I’m happy to announce that I have joined the Pet Professional Guild as a charter member, and have been named to the steering committee. More to come as we go along, but if you know trainers who are using positive, force free methods please tell them that they now have the opportunity to join an organization whose code of ethics they can trust to be closely aligned with their own.
Monthly Archives: January 2012
There are some initials after my name that suggest education in canine behavior, but none of them are “CPDT.” Some dog trainers, despite our desire for a certification process that helps insure competence, have elected not to test for that designation. The reason is that, while the Certification Council for Pet Dog Trainers does not do anything but test, and the organizations are technically separate, the Association for Pet Dog Trainers is largely made up of people who have taken the test, and it is their ethics we question.
Originally formed by the likes of Ian Dunbar, et al, the APDT was intended as an educational organization that would uplift the quality of dog training. For a while, it seemed as though that might happen. Then, an odd thing occurred. Trainers who continued to use choke, prong, and even shock collars, despite the “education” offered through continuing education, became a vocal enough crowd to influence APDT policy and ethics, we think for the worse.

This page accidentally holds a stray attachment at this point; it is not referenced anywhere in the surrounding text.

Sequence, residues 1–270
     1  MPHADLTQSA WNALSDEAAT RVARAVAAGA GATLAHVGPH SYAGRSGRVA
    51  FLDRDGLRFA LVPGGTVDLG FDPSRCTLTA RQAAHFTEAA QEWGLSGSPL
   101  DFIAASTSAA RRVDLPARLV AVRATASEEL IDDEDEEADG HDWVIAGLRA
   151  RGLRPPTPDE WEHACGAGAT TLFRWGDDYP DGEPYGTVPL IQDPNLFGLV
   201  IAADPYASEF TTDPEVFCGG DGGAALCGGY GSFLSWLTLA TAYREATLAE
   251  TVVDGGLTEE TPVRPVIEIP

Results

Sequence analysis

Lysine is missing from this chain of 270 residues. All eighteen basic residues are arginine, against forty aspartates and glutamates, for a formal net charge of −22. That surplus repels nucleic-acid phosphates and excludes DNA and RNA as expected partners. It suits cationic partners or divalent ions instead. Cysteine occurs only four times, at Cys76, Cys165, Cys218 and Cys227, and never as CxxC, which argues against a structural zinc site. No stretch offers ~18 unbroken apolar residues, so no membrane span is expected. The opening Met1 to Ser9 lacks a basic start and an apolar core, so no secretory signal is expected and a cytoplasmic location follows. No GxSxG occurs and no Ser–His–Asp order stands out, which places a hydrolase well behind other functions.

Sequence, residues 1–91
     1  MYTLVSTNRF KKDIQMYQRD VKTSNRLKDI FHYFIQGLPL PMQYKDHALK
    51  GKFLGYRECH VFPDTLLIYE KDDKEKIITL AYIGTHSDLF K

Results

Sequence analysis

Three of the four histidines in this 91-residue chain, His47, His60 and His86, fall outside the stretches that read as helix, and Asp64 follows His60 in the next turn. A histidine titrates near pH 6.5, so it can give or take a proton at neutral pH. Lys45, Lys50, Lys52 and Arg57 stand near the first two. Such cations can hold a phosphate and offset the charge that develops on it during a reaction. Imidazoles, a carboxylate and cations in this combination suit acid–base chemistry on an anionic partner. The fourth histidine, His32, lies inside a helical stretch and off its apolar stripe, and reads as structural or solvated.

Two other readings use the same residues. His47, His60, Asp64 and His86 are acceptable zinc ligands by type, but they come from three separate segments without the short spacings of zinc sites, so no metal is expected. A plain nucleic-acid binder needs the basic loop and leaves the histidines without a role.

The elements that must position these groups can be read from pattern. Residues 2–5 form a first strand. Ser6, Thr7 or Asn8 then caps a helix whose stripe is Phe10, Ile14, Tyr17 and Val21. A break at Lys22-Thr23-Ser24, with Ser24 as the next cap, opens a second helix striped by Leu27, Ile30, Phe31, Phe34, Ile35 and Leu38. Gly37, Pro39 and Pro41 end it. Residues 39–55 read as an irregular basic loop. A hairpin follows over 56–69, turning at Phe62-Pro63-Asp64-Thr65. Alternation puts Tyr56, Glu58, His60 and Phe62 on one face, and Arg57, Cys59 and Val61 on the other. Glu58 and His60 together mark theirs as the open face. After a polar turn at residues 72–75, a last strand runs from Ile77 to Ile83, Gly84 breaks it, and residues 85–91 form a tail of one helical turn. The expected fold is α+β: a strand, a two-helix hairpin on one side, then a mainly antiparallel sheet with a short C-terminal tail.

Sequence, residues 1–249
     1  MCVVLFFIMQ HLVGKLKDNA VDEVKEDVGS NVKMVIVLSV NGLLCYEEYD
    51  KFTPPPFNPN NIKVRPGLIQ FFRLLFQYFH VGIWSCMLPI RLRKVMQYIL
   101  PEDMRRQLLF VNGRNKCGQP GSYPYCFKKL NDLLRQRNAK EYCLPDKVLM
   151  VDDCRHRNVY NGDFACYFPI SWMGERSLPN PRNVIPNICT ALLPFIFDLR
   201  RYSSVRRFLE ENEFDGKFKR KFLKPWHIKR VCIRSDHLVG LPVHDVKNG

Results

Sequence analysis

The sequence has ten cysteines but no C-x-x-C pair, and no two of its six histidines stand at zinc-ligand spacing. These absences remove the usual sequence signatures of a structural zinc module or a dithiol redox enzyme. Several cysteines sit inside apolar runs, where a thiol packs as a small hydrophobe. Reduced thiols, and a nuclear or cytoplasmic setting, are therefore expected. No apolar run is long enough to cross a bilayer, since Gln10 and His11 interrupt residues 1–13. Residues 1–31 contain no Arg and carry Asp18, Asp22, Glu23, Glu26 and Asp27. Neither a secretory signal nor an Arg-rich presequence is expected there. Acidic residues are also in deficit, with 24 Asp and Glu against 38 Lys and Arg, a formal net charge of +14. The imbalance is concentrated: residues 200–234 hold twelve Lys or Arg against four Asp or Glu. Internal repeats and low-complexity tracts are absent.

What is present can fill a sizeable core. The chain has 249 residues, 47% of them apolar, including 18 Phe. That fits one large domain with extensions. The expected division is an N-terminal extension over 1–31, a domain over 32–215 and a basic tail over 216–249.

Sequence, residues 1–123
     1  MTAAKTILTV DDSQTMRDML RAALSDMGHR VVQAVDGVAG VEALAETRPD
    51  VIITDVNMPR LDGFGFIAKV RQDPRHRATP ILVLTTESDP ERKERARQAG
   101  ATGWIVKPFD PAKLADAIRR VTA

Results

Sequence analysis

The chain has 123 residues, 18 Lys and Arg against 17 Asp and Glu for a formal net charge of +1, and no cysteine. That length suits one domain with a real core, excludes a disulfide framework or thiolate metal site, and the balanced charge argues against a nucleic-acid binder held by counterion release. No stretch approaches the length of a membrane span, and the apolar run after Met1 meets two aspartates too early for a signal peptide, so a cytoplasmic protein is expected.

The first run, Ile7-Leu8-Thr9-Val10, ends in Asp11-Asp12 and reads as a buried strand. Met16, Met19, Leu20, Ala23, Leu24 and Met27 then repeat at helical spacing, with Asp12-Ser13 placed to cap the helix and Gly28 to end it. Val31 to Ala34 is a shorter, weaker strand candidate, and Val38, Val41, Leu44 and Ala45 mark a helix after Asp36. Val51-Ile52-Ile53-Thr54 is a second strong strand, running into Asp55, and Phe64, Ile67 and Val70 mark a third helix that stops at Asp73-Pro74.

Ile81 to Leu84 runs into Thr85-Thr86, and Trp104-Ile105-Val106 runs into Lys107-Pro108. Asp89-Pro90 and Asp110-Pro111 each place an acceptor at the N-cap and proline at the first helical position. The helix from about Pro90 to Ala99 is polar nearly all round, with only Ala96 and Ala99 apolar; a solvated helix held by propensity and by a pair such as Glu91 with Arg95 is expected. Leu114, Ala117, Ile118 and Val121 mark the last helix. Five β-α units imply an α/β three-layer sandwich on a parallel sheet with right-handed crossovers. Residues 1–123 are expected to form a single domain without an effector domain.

Fast forward to a recent decision by CCPDT to lift its ban on the use of shock collars on puppies less than one year old! That action prompted those of us who practice force free training to want to vomit in our mouths, for lack of a better graphic mental image to capture the disgust we felt. Effectively, it meant that the the CPDT designation, for all intents and purposes, could NOT differentiate, for the public, the difference between a trainer who uses shock (even on puppies) and one who doesn’t. The pro’s and con’s of the use of shock collars is fodder for seemingly endless argument between us and them, but suffice to say that the public deserves to KNOW what methods will be used on their dogs, including any possible fallout, so that they can make a decision based on the relationship they want with their dogs and their own moral and ethical values. They need to be aware of the factions in the dog training world, that there is a rift, and that they have a choice to make. Obviously, I have made my choice – as both a dog owner and trainer, I do not want to train my own dogs by saying to them, “Do it or it will hurt, ” and I want others to at least have the opportunity to learn what I have learned about there not being any reason to have to cause pain or fear in order to successfully modify a dog’s behavior.